Later on, the Court distinguishes United States v. Jones by emphasizing the ‘trespassory nature of the police action” in that case. The DEA agents in Jones “lojacked” the vehicle by attaching a tracking device. In Skinner, the police did not place a tracking device on the RV; they didn’t have to since they suspected he already had the phone. Nor did the Court see the police’s surveillance as “extremely comprehensive” to the point that it violated the Fourth Amendment in and of itself.

For these reasons, the Court held that Skinner did not have a reasonable expectation of privacy in the GPS data and location of his burner phone.


This decision reeks of “You’re gonna get what you deserve” to the point where it has already rankled a lot of legal analysts. The Court seems to start from a point of moral outcry (technology helps criminals but not the police), and then works backward toward a passable legal explanation for its ruling. Maybe there is a good legal explanation, but this decision is filled with logical leaps and slippery slope analogies.

For example, the Court reasons that a criminal should not be able to “rely on the expected untrackability of his tools.” But this reasoning seems to gloss over the important question of when the “suspect” turns into a full-fledged “criminal.” True, it’s hard to feel bad for Skinner (especially knowing what he did), but how will the Court’s logic affect future suspects? Will it not deprive them of Fourth Amendment rights on the police’s assumption that they are conducting criminal activity? It’s hard to see where the idea of probable cause fits into the equation.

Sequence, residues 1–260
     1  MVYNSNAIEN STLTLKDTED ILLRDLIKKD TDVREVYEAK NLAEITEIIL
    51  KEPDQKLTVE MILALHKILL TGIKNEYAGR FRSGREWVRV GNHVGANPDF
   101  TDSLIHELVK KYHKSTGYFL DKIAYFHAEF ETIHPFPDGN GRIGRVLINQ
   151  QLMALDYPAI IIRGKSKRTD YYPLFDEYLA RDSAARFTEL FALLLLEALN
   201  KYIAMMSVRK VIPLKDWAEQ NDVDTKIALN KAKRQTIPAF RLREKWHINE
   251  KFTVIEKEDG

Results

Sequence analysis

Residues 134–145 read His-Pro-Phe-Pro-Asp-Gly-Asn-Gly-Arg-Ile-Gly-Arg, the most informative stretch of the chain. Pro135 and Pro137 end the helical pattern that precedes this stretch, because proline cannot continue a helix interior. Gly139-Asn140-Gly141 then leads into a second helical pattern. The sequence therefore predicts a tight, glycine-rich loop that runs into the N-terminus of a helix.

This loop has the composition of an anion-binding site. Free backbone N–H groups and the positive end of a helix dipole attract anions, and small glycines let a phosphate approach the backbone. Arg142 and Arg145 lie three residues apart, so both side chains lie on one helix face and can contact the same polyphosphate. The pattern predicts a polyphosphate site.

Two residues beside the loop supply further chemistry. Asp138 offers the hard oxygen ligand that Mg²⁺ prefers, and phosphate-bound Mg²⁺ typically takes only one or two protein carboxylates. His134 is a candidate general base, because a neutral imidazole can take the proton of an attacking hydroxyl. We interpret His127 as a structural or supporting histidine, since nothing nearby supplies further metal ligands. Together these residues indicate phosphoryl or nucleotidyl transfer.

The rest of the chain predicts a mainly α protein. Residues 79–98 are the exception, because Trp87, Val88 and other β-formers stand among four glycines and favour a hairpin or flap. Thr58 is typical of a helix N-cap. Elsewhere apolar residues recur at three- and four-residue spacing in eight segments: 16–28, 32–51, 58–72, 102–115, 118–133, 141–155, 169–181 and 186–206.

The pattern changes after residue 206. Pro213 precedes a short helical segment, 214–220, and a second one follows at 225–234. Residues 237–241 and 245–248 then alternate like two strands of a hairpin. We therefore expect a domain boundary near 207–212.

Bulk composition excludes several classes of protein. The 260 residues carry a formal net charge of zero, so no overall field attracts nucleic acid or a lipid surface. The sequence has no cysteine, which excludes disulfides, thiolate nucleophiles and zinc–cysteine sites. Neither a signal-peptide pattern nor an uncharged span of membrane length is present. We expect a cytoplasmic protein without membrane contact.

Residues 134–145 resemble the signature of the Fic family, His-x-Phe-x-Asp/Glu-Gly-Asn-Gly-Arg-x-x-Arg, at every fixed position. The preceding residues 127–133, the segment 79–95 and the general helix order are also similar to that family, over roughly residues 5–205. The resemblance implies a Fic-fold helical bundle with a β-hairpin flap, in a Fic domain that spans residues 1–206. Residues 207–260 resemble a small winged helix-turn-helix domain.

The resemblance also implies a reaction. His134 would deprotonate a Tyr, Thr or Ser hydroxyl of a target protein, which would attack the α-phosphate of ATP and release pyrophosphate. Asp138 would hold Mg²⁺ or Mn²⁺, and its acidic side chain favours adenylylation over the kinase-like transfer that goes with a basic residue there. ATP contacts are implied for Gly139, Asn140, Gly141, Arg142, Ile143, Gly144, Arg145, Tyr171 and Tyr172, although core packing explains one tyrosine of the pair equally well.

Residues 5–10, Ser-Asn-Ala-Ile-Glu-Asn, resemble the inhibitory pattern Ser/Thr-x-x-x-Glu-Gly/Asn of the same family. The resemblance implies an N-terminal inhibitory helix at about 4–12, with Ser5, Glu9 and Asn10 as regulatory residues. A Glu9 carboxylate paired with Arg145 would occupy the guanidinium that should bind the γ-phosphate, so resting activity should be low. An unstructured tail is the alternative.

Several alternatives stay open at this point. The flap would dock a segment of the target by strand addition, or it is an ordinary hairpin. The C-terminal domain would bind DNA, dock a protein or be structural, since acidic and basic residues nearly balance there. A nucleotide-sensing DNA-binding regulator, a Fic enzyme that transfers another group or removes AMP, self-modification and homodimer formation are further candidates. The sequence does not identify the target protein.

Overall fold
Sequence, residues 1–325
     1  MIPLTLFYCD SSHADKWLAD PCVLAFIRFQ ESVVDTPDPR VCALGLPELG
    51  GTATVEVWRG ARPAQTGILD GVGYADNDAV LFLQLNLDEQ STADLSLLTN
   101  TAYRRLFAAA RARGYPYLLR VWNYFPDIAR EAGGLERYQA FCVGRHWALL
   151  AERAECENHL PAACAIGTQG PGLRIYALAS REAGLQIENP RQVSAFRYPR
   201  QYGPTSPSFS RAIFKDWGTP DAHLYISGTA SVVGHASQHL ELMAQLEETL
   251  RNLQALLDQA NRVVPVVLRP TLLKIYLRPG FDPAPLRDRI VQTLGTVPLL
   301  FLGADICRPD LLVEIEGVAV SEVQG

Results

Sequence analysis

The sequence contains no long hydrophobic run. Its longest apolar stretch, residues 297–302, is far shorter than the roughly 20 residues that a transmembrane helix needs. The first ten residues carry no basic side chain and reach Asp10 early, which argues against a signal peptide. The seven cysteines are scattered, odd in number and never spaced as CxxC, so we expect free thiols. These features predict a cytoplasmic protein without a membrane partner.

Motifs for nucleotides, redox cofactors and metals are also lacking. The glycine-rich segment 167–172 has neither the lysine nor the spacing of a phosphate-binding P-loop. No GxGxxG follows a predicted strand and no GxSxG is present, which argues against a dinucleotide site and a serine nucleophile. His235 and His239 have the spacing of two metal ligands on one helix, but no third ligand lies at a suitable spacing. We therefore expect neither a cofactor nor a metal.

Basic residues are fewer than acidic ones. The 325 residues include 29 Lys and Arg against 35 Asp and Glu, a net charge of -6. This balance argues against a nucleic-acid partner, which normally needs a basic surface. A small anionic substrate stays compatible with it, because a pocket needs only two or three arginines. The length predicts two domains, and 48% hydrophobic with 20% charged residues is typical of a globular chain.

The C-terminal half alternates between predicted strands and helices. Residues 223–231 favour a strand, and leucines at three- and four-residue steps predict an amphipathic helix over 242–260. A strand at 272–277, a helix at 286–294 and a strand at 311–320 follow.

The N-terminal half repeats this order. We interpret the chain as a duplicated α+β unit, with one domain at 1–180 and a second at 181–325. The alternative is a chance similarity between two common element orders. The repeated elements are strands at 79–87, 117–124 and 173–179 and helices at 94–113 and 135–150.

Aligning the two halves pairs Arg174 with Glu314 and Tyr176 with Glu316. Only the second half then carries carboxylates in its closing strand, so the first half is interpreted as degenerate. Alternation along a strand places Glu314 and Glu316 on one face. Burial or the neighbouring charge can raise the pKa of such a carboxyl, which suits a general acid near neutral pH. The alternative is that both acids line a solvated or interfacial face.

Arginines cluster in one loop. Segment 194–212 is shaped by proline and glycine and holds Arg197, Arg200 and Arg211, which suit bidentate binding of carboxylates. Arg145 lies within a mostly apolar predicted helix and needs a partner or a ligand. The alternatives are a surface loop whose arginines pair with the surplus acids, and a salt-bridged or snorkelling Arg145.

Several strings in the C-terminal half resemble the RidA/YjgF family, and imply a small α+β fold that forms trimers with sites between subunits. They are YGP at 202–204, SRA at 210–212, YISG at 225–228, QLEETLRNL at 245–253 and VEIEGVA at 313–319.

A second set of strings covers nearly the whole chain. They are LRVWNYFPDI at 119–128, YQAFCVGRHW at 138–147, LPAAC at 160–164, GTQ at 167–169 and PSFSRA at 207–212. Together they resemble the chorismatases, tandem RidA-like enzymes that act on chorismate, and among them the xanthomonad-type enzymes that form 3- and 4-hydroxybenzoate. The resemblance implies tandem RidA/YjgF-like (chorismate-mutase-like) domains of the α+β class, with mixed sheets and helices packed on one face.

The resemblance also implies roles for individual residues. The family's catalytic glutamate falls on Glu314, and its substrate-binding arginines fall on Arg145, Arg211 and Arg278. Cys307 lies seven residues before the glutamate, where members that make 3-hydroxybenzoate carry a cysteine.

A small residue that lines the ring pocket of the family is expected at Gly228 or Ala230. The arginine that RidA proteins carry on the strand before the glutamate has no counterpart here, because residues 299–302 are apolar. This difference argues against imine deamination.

Immediately following, the Court reduces the opposing argument to absurdity–imagining a world where “dogs could not be used to track a fugitive if the fugitive did not know that the dog hounds had his scent,” or where “a getaway car could not be identified and followed based on the license plate number if the driver reasonably thought he had gotten away unseen.” Without further development, these analogies do not seem to support the idea that Skinner forfeited his constitutional protections by driving on a public road.

As Julian Sanchez pointed out on the Cato@Liberty blog, the Supreme Court held in Katz v. United States that “what a person knowingly exposes to the public, even in his own home or offices is not a subject of Fourth Amendment protection . . . But what he seeks to preserve as private, even in an area accessible to the public, may be constitutionally protected” (emphasis added).

This is important because while Skinner’s RV was viewable by the general public, the location of his phone and its connection to the drug plot were not. This would seem to cut against the Court’s comparison to Knotts.

The decision also seems to sidestep the fact that the police did not even know Skinner’s true identity when they started tracking him. To the Court, it is an irrelevant question because the police could have obtained this info “by other means.” In response, critics have pointed to Kyllo v. United States (absent from the decision), where the Supreme Court held that the agents’ use of thermal imaging did not escape the requirements of the Fourth Amendment, simply because the same information could have been acquired through other lawful means.

All in all, this decision is definitely worthy of its resemblance to The Wire–it forces you to grapple with the moral dilemma of admiring creative police work, while fearing how it could be abused. But hey . . . it’s all ‘n the game, right?